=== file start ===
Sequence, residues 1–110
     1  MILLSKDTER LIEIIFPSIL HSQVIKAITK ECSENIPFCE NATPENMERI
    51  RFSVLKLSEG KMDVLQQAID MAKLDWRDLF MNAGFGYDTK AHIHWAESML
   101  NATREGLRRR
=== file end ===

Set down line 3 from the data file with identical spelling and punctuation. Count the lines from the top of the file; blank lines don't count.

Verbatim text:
    51  RFSVLKLSEG KMDVLQQAID MAKLDWRDLF MNAGFGYDTK AHIHWAESML